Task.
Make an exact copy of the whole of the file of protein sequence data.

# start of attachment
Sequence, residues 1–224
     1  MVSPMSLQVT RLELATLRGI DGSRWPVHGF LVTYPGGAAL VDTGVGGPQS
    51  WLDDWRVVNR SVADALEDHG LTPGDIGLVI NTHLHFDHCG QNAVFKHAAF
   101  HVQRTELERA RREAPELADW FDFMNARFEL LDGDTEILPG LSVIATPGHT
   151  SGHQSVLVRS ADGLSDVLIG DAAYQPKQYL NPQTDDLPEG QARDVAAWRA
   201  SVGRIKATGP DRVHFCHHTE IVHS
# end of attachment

Sequence, residues 1–224
     1  MVSPMSLQVT RLELATLRGI DGSRWPVHGF LVTYPGGAAL VDTGVGGPQS
    51  WLDDWRVVNR SVADALEDHG LTPGDIGLVI NTHLHFDHCG QNAVFKHAAF
   101  HVQRTELERA RREAPELADW FDFMNARFEL LDGDTEILPG LSVIATPGHT
   151  SGHQSVLVRS ADGLSDVLIG DAAYQPKQYL NPQTDDLPEG QARDVAAWRA
   201  SVGRIKATGP DRVHFCHHTE IVHS